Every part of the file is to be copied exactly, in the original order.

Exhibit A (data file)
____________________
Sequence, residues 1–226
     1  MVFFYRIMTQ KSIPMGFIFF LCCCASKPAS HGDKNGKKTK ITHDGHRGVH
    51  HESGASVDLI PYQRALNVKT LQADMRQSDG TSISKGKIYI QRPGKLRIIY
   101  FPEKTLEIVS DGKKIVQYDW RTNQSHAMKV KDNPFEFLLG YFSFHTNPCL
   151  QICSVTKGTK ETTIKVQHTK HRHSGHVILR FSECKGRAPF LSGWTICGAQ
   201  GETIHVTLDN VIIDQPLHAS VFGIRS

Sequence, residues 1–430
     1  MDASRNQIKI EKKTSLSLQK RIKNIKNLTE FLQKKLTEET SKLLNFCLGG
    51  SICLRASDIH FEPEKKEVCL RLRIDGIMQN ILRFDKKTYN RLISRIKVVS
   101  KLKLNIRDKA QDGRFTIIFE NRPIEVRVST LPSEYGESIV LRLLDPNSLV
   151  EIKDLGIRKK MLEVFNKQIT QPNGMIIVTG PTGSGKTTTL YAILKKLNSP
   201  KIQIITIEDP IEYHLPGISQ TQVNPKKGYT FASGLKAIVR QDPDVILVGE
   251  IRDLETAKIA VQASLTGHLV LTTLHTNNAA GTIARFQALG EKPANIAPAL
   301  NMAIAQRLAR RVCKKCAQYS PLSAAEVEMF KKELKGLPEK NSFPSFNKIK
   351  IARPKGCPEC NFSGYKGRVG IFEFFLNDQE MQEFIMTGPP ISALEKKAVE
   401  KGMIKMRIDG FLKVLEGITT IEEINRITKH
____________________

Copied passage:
Sequence, residues 1–226
     1  MVFFYRIMTQ KSIPMGFIFF LCCCASKPAS HGDKNGKKTK ITHDGHRGVH
    51  HESGASVDLI PYQRALNVKT LQADMRQSDG TSISKGKIYI QRPGKLRIIY
   101  FPEKTLEIVS DGKKIVQYDW RTNQSHAMKV KDNPFEFLLG YFSFHTNPCL
   151  QICSVTKGTK ETTIKVQHTK HRHSGHVILR FSECKGRAPF LSGWTICGAQ
   201  GETIHVTLDN VIIDQPLHAS VFGIRS

Sequence, residues 1–430
     1  MDASRNQIKI EKKTSLSLQK RIKNIKNLTE FLQKKLTEET SKLLNFCLGG
    51  SICLRASDIH FEPEKKEVCL RLRIDGIMQN ILRFDKKTYN RLISRIKVVS
   101  KLKLNIRDKA QDGRFTIIFE NRPIEVRVST LPSEYGESIV LRLLDPNSLV
   151  EIKDLGIRKK MLEVFNKQIT QPNGMIIVTG PTGSGKTTTL YAILKKLNSP
   201  KIQIITIEDP IEYHLPGISQ TQVNPKKGYT FASGLKAIVR QDPDVILVGE
   251  IRDLETAKIA VQASLTGHLV LTTLHTNNAA GTIARFQALG EKPANIAPAL
   301  NMAIAQRLAR RVCKKCAQYS PLSAAEVEMF KKELKGLPEK NSFPSFNKIK
   351  IARPKGCPEC NFSGYKGRVG IFEFFLNDQE MQEFIMTGPP ISALEKKAVE
   401  KGMIKMRIDG FLKVLEGITT IEEINRITKH